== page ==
Comedian Affion Crockett talks “In the Flow”, his rhyming skills and his new APP full of exclusive sketches and skits.

Words: Angel Diaz
Image: Kwaku Alston

Affion Crockett is a funny motherfucker. As the Lil B of this comedy shit, he’s been hitting us in the head with parodies of our favorite rappers for a minute via his YouTube channel; 43 million hits, son! And now he’s finally gotten a chance to show that he belongs with his new show, In The Flow With Affion Crockett on FOX. So read on as we talk Little Brother, Drake and his new app.

How does it feel to have your own show?

It feels great man. Coming out to LA and I always had a dream to do it at a certain level and to be on a network with my own sketch comedy show for the world to see it, it’s great.

How did you link up with Jamie?

We both went to FOX with ideas for sketch shows, but we went independently of each other. We didn’t have it planned. By the time I met with them, they were like, “We just met with Jaime Foxx and he wants to do a show too.” So, they figured they’ll just put the two of us together to do a show.

What’s your new show about?

We had a five-episode run that just ended on Sunday. We have everything on there, whether it be original characters to impressions, movie trailers— a little bit of everything. We had Michael Strahan, Sam Jackson, Chris Brown, Russell Simmons, Snoop Dogg and a few other guests came through and showed support. So far it’s gotten a good response from the viewers and hopefully it gets picked up for good.

When did you know you could do impersonations?

When I was kid, man. I used to do cartoon characters, imitate teachers in school; it just became something I did. I never thought I would be able to make a career out of it. I didn’t take it seriously until I seen other comedy shows and other guys were doing impressions, and I was like, “Well, hold up. If that’s what it takes to be a comedian, then I could do that. I’ve been doing it all my life.”

And you have a business degree, so it’s not like you want to dress up in a suit and tie all day.

[Laughs] Not unless I’m playing a character. I’ve been a fan of sketch comedy since I was a kid, so yeah, definitely following in the footsteps of In Living Color and those cats like that.

Who’s your favorite to impersonate?

I like to do Russell, man. Especially because he was a fan and wanted to get in the sketch with me. That was an honor to have him be funny with me, it was a brilliant move. He’s a funny dude, that’s definitely one of my favorites right there.

What’s the science behind the things you come up with?

I don’t know, man. It just hits me, you know? Sometimes I’ll be driving in the car and I’ll start doing someone’s voice. Then, I’ll go to my team and we’ll write a sketch around it. It’s always different methods to how these ideas come about, but if they’re funny, that’s all that matters.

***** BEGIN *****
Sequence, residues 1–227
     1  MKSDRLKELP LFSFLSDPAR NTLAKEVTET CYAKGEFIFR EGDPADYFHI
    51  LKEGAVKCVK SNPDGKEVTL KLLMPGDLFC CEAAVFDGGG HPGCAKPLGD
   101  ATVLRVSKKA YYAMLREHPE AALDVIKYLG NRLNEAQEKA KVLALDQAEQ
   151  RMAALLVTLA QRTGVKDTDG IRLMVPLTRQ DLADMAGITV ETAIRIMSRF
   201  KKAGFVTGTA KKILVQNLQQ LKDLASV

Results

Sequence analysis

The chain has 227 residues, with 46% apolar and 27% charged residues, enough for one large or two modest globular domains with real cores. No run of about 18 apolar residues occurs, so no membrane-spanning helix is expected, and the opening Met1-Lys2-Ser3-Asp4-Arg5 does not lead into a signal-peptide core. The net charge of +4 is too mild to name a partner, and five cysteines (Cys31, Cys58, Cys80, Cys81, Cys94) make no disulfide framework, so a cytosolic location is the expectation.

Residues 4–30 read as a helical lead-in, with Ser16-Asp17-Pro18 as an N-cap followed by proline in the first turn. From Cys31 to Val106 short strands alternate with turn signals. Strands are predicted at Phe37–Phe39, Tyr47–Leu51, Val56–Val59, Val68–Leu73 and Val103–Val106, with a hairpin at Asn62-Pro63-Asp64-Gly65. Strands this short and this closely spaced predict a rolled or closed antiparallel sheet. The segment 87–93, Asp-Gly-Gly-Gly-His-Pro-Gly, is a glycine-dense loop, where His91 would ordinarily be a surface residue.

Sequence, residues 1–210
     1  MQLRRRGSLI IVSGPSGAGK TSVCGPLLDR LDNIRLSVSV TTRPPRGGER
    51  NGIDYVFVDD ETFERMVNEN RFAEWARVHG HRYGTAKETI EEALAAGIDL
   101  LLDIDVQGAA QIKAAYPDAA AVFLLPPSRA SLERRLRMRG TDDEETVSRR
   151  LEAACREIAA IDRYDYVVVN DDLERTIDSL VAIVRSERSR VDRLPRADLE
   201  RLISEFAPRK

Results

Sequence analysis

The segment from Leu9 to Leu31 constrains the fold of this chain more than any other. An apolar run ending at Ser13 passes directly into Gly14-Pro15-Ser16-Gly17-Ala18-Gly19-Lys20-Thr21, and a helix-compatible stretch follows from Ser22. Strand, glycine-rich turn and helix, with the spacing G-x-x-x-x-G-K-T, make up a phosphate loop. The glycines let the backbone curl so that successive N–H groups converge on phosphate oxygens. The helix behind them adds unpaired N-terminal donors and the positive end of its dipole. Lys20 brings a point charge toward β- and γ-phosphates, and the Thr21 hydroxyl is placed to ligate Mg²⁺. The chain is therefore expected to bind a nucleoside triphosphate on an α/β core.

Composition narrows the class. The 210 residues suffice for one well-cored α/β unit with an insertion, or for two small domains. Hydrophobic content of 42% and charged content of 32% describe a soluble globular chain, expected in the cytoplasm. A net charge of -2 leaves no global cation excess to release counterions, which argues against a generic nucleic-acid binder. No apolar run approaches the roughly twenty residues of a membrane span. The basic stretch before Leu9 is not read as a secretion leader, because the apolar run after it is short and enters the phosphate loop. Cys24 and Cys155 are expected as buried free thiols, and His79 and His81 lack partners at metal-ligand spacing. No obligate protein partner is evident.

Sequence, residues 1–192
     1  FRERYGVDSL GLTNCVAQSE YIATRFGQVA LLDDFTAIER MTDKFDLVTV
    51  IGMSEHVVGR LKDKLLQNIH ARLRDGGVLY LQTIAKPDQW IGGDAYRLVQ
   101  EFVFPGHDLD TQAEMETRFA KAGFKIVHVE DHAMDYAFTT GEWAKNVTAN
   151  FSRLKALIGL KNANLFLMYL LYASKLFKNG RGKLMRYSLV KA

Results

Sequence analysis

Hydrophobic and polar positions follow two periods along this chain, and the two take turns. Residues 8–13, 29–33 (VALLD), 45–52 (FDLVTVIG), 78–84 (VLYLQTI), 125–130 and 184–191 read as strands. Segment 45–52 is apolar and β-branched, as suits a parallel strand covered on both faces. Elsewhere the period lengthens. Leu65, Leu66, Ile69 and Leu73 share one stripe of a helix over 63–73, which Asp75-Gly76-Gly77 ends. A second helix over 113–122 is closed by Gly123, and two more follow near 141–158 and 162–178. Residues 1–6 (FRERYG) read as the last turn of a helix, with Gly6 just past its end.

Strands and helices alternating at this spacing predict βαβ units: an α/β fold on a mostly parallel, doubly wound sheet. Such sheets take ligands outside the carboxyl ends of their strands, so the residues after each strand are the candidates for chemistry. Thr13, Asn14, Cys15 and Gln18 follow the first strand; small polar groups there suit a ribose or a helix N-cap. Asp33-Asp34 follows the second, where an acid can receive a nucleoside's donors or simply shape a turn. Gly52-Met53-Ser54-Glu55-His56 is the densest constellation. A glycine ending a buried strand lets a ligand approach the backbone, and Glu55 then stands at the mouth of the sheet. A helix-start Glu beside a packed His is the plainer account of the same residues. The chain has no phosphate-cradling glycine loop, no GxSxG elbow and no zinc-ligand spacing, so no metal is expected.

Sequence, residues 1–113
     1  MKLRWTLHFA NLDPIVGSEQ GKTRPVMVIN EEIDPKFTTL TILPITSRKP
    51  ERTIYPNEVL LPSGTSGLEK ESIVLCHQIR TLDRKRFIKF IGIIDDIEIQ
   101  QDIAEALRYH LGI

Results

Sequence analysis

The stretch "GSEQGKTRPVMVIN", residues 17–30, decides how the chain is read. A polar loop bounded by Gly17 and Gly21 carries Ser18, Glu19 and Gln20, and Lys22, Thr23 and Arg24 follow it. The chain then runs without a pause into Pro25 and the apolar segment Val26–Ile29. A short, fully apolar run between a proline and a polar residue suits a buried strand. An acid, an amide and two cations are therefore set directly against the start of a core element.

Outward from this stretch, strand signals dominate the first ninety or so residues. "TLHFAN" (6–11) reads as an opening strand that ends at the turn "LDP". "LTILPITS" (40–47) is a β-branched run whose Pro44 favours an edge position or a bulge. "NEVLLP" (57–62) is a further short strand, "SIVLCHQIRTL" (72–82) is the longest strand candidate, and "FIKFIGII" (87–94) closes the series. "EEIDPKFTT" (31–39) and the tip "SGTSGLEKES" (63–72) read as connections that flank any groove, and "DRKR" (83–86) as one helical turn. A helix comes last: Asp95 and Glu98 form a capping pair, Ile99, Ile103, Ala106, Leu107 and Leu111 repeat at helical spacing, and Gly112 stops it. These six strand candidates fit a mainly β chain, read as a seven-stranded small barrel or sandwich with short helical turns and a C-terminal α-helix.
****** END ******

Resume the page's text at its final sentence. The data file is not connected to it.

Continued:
You really get into the characters, from the costume all the way down to the skin color…

You got to go in. One of the things I hate is when I see someone do an impression, but not really have the look down pat. I like to incorporate all that.

Do you have a vendetta against Drake?

[Laughs] Not at all, man. I’m a fan of his. He’s seen my impression of him and he loves it, he tweets about it and all that. It’s all in fun.

Do you ever ask permission to impersonate someone?

Nope, I just do it. I don’t mean any disrespect, it’s about the laughs and appreciation of the art. I’m a comedian.

How shook was you when Peter Gunz was acting mad?

I kind of knew it was a joke once Freeway came in, but me and him had already talked on Twitter so I knew he was cool with it; he retweeted the video. Then they brought Peter in, and I thought, “Um, this could be a joke.” But then I remembered the history of violence in NYC radio shows, so I didn’t want to play too comedic and just waited to see what was going to happen, like does he have a pistol on him? [Laughs] It worked out, though. Me and Pete are cool.

What new things should fans look out for? Any new songs or characters to look forward to?

I have a new app coming out actually, like the Affion Crockett APP on iPhones and Droids. I’m going to be doing stuff exclusively for that, have skits from the show available and I might even do a new Drake song just on that, so we’ll see.

Do you write the raps from your spoofs yourself?

Oh yeah, I’m an emcee too. My impersonations of the rappers I do comes about because I know how to write.

That makes sense because it’s all original stuff.

Just type my name in YouTube and check some of the real raps that I did with Talib Kweli and Strong Arm Steady. You know, me and Chino XL have done live shows together. I have a good rapport with emcees that know I really get down— like I’ve done live shows with Method Man and Redman. So, I’m really on that emcee stuff, but because I’m a comedian I can’t really let that serious side come out right now.

I believe you, yo the raps in your parodies are better than some of these rappers’ actual songs.

Oh I go in [Laughs]. If you ever run into Chino or Talib they’ll validate it for you. I’m a student of Nas, Rakim, Big Pun and all those guys, man. So, when I do those songs I take it seriously as an emcee and try to emulate the best.

So what Hip-Hop artists are you rocking with right now?

I’m rocking with Little Brother, Foreign Exchange, 9th Wonder— my North Carolina brethren. They preserving that real Hip-Hop sound. I love J Dilla and his brother Illa Jay; I actually have some features on his Illa’s last album, so you should check it out. And of course I rock with Drake, Lil Wayne, Jay and Kanye.

What albums do you have on heavy rotation?

Oh man, let’s see. I keep the Capital Punishment in there, some Kweli albums, some Elzhi, Slum Village, a little Tribe; I try to keep it authentic.

Image by Kwaku Alston.

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